This fall is going to be an exciting time for bookish little me. When I think about it, I get so worked up that I have a hard time typing (or perhaps it’s the sugary chai latte I just drank).
Check it out. Four *highly anticipated* books are being released in September/October. It’s like an early birthday present to me from four talented authors! How did they know what I wanted?!
Two of the books are follow-ups to YA books that I adored, one is the SEVENTH book in a series that I find positively consuming, and the fourth is a graphic novel by a guy I’d never heard of before I read about the book. In order of release date…
First of all, Catching Fire by Suzanne Collins came out on September 1st. Catching Fire is the second book in the Hunger Games trilogy. If you haven’t already read the first book, called The Hunger Games, read it now. But only if you have about twenty-four hours to kill. That’s about how long it will take you, and YOU WON’T BE ABLE TO DO ANYTHING ELSE.
The Hunger Games almost surpasses description – it’s that exciting to read – except that invariably when I describe it to people they tell me it reminds them of various other plots. It’s a science fiction story set in a future in which America is divided into twelve districts, all controlled by a greedy, oppressive government known as the Capital. Every year, the Capital stages an event called the Hunger Games – two teenagers from each district enter an arena filled with video cameras, and stay there until only one person remains. The main character Katniss is a survivor if there ever was one, and she knows she can win. But, as the game goes on, she wonders if there might be a way to survive without playing by the Capital’s rules. I was breathless at the conclusion of this book, and Catching Fire picks up right where the first left off. The only reason I haven’t read it yet is because I know it’s going to be over so fast and then I’ll have to bide my time before the third and final installment!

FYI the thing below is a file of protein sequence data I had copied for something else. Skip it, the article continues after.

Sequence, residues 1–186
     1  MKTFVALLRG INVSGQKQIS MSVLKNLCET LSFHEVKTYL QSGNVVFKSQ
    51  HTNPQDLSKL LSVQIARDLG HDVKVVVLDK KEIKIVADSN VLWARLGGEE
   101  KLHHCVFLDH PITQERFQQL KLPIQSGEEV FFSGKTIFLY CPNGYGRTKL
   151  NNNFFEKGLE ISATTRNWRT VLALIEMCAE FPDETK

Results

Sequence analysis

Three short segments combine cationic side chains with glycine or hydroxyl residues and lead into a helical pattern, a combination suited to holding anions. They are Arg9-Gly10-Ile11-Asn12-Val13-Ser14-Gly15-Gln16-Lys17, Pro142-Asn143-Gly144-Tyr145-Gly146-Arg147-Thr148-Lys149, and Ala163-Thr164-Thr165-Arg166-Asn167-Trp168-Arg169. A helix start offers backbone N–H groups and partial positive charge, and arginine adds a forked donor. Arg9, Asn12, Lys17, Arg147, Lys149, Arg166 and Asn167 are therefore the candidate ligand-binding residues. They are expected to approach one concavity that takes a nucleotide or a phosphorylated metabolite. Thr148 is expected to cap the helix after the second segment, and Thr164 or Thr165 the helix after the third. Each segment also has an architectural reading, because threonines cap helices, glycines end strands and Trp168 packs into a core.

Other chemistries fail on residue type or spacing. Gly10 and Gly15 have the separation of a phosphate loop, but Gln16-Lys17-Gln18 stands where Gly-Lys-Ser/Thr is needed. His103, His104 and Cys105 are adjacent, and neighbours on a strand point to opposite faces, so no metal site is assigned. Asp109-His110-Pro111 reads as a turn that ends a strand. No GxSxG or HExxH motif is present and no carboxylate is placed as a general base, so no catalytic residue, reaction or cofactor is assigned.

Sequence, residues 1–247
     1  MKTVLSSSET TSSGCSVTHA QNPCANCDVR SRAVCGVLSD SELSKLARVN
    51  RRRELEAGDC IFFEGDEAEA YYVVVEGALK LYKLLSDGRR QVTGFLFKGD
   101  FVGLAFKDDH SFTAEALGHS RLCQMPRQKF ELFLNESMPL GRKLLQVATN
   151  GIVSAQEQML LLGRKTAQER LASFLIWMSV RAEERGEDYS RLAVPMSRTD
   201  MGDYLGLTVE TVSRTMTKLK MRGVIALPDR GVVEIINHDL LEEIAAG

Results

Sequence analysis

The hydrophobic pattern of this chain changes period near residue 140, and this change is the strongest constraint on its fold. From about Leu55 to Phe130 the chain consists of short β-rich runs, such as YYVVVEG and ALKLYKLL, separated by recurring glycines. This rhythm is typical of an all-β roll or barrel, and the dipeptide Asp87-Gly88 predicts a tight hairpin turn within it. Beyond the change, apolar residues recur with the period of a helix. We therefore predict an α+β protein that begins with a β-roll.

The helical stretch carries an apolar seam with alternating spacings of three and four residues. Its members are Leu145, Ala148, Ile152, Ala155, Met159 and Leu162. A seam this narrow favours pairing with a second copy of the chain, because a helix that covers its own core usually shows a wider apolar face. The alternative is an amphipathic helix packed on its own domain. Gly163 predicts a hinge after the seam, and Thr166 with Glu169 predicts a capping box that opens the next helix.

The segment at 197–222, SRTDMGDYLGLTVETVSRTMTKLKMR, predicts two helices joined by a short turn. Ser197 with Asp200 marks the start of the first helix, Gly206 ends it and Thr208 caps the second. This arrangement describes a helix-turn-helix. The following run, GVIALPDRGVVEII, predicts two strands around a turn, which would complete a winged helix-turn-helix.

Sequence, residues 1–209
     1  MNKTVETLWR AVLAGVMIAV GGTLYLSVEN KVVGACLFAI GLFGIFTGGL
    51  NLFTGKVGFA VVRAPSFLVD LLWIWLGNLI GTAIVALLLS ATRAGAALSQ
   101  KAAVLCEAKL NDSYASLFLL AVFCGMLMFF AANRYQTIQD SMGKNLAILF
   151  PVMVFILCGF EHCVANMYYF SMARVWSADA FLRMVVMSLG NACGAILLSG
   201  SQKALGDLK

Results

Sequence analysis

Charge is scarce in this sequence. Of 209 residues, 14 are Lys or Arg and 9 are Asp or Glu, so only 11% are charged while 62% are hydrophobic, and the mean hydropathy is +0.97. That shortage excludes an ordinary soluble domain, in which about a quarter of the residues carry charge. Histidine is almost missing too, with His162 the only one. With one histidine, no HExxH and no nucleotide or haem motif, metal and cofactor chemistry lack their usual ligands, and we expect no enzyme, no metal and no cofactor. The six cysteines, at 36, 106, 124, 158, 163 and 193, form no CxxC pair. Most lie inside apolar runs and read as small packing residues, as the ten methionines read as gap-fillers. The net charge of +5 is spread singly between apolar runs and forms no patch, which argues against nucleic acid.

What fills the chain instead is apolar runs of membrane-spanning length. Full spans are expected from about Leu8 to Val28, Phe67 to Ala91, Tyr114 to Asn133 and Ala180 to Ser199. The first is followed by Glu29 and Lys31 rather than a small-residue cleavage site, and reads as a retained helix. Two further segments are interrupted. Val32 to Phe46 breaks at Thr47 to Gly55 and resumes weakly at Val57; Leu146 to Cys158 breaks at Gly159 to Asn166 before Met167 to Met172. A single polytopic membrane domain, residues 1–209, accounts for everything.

Another early September release, Stitches came out on the 5th. Stitches is a memoir by David Small, told in a black and white graphic novel. I first read about the book on the wonderful book blog Seven Impossible Things Before Breakfast. The review reminded me of Craig Thompson’s Blankets. I don’t know if they truly are similar, but both books are memoirs about growing up, written for adults rather than children, despite the illustrated format. And both books chronicle the birth, development, and perseverance of the artist. I’m fascinated by the fact that, for some people, making art has nothing to do with their parents signing them up for a local sketching class. Making art can be as necessary to survival as breathing. Both Small and Thompson use their art to survive – and transcend – difficult circumstances.